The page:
Results published this week, from an international study on the weather in Madagascar, act as a stark warning to us all.
It’s been widely reported Madagascar has been suffering from the first drought to be attributed directly to climate change. Already listed by the World Bank as the poorest country in the world the drought has led to a hunger crisis and famine on the island.
It’s often easy to dismiss heat-related weather phenomena as ‘just random hot spells’ when rain does arrive, but as the heavens opened in Madagascar, far from relieving things, they actually made the problem worse, as Lisa from UK based charity SEED Madagascar explains…
With the rains finally arriving after the recent drought, families unable to plant for the previous harvests quickly went out into their rice paddies and fields to plant crops. However, early hopes were quickly quashed as drought turned to floods as four cyclones devastated communities across the south. Where fields and paddies had been turned into dry, cracked plains by the drought, they now turned into flood plains. Those families who had planted cassava and rice watched as the winds uprooted the young plants, and fields once again became bear – this time not through the dry drought, but through rain and floods. This is devastating for families where children are already malnourished, and families are reliant on food distributions. In SEED’s food distribution centres, the cyclones have brought more people in from the neighbouring mountain areas that have fared better during the drought the coast, as hopes of a small harvest were dashed this time not by the sun, but rain.
A study, published this week, has now confirmed that the storms were in fact a direct result of climate change. Scientists from Mozambique, South Africa, Madagascar, New Zealand, India, the Netherlands, France, United States of America, and the United Kingdom collaborated to assess to what extent human-induced climate change altered the likelihood and intensity of the heavy rainfall associated with the cyclones. Dissecting the results, the researchers found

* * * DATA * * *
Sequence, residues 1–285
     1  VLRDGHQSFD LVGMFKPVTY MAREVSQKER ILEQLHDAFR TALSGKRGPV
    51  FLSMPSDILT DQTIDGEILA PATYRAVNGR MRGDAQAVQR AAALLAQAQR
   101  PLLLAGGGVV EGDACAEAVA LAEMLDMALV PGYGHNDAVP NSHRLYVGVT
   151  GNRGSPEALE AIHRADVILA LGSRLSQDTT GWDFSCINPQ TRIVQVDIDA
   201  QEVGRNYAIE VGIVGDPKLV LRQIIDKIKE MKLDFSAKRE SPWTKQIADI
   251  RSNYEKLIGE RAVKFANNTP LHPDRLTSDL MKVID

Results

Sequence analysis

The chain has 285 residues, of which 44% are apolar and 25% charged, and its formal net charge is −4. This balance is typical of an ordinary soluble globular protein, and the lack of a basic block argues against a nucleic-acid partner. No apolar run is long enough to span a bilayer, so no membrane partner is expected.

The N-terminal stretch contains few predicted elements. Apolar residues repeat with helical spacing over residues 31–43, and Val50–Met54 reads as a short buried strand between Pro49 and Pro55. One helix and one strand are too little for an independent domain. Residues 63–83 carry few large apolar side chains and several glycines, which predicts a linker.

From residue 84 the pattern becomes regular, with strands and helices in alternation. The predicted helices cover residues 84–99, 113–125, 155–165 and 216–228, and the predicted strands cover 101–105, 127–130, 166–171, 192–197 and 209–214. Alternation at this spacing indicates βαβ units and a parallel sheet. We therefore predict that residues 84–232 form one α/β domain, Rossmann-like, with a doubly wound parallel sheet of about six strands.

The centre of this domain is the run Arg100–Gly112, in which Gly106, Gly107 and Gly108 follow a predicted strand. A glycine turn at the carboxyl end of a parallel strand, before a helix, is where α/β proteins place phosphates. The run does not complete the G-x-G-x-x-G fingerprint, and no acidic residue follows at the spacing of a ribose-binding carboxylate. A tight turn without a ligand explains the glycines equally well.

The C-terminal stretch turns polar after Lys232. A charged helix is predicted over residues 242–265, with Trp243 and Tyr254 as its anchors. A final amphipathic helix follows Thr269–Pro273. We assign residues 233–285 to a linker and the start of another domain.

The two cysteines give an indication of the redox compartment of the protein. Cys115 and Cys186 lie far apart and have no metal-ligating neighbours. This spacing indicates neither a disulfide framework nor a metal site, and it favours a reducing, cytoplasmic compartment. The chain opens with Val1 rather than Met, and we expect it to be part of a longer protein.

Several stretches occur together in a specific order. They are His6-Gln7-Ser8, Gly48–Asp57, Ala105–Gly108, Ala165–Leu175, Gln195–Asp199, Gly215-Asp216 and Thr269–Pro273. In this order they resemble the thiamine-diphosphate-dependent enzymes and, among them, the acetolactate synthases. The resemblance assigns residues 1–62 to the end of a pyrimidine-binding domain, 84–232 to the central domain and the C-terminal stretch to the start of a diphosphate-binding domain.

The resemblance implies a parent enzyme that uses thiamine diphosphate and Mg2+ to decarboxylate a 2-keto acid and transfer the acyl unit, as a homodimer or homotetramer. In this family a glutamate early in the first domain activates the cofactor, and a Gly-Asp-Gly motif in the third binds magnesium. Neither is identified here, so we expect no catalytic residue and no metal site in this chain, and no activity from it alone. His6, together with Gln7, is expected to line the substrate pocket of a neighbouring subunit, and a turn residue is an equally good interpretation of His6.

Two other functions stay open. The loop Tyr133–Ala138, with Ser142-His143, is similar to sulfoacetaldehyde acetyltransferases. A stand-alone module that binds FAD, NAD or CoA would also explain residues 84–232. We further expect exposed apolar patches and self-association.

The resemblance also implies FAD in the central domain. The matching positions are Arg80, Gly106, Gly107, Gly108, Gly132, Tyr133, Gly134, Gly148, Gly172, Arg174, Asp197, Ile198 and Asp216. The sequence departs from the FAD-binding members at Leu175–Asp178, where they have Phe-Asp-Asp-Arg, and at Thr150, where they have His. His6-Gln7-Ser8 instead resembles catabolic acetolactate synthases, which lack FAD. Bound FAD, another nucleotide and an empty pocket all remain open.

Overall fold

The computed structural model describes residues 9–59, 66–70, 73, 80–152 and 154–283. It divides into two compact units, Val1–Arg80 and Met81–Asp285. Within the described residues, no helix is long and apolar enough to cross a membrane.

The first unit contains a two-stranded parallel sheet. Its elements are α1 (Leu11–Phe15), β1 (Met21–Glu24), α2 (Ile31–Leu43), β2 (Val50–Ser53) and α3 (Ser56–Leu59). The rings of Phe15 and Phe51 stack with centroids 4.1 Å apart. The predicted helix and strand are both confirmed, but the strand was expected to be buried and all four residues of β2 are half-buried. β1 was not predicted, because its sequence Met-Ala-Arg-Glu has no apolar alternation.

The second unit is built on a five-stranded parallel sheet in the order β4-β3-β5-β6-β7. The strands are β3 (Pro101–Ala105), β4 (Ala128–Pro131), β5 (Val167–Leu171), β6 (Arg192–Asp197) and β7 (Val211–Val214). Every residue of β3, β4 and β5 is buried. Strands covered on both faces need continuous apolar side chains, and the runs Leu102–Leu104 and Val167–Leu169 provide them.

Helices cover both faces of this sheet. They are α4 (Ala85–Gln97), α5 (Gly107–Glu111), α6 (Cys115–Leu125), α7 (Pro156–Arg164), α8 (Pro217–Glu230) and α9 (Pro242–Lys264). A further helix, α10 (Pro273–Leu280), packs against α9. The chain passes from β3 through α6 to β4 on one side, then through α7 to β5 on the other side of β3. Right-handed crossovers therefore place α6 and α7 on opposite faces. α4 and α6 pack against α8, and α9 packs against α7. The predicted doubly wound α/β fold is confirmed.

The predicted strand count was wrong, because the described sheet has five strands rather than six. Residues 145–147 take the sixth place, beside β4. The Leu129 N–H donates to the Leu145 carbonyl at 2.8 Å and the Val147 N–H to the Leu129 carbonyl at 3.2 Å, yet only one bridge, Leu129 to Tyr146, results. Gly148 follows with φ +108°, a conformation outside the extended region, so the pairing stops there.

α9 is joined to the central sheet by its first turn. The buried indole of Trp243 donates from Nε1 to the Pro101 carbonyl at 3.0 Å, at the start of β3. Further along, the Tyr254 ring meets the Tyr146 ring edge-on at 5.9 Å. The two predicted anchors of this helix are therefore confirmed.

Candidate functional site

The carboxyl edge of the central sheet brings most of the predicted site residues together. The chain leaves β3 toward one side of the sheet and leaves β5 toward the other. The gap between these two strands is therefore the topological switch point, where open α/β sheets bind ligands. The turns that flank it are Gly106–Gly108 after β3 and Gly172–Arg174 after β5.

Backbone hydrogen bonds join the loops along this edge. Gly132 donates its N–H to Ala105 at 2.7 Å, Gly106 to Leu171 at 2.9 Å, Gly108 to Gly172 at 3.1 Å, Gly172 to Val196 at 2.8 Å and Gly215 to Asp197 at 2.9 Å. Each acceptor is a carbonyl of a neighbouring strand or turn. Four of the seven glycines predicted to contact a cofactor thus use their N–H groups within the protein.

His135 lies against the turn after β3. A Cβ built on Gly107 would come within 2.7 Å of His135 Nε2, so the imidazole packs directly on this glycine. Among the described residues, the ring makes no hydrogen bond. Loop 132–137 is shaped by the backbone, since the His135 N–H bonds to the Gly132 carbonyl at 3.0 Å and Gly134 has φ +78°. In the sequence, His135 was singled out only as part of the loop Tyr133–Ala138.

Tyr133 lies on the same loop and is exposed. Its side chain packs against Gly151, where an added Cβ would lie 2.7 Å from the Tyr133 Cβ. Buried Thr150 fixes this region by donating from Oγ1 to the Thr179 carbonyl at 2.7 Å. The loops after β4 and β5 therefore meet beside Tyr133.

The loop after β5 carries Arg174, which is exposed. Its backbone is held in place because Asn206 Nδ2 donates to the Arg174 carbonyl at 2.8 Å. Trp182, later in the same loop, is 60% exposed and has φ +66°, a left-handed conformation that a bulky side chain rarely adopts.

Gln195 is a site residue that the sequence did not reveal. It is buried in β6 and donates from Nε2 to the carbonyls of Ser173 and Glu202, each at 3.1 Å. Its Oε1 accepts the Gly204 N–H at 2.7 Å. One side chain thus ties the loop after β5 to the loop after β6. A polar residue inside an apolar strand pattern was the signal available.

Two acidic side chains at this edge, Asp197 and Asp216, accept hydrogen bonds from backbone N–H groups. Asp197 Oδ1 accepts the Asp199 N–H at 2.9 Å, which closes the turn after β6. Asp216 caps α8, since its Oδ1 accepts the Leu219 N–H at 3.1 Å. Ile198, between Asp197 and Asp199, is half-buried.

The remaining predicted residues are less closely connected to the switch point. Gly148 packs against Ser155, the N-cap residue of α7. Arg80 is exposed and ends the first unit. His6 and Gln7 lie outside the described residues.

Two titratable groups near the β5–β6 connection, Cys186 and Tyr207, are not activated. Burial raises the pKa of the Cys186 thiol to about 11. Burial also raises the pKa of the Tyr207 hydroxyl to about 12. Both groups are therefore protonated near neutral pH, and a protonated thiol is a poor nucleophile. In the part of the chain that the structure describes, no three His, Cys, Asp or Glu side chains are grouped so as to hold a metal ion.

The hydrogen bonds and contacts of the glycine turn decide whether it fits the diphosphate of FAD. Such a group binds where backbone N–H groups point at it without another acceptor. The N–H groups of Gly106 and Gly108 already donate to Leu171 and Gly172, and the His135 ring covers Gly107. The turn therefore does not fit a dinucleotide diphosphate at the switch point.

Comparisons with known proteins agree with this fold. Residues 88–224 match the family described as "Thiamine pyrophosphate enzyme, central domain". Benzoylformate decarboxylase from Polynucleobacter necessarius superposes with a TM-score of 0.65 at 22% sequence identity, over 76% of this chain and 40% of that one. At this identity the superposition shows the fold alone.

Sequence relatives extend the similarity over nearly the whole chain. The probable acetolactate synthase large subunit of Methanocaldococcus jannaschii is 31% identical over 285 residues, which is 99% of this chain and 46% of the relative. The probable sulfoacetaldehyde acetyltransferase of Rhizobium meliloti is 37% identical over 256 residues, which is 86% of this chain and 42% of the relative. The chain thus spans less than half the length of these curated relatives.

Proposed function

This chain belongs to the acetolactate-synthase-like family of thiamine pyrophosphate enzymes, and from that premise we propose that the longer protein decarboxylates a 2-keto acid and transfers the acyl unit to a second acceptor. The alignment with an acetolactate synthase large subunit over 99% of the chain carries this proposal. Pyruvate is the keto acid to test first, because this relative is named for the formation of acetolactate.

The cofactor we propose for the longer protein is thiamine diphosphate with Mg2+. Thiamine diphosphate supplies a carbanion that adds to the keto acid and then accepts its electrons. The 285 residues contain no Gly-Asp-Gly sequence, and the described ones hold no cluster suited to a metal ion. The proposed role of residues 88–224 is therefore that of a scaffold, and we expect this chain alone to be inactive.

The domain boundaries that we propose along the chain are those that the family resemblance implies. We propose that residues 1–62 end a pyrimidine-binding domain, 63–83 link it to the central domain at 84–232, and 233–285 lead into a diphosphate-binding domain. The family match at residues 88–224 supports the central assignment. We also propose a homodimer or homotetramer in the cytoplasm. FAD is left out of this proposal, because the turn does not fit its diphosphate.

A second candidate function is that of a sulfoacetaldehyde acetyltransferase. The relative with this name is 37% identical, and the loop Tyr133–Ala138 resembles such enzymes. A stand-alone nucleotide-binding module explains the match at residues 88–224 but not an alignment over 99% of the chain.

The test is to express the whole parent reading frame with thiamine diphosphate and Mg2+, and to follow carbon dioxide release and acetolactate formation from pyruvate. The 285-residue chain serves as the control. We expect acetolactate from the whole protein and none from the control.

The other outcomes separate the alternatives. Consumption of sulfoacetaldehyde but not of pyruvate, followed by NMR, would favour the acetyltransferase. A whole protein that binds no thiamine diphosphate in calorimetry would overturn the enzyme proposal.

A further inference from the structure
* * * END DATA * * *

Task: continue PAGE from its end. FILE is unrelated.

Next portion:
In both cases, the results show that rainfall associated with the storms was made more intense by climate change and that episodes of extreme rainfall such as these have become more frequent.
Far from bringing relief, as all those involved in helping with the hunger crisis had hoped, the rain in Madagascar acts instead as a stark warning to us all as to what the ‘increase in extreme weather events’ we keep being told about actually looks like in real-time…
“It’s devastating to see what’s happening in Madagascar. Everyone was hoping for rain, but after three years of drought the soil was too hard to cope with the heavy rain that arrived, and instead of relief, communities experienced damaging floods. Many people in Madagascar now desperately need our help to survive, but what’s happening on the island should also act as a warning to us all. We’ve all been told that extreme weather events are increasing, but what’s happening in Madagascar is a real-time example of what this could mean for the rest of the planet. It’s ironic that most people in Madagascar contribute very little to climate change themselves, without cars and modern technology, yet they are bearing the brunt of the western nations’ excesses.” – Mark Jacobs, Director at SEED Madagascar.
To find out more about the hunger crisis in Madagascar and how you can help please visit www.madagascar.co.uk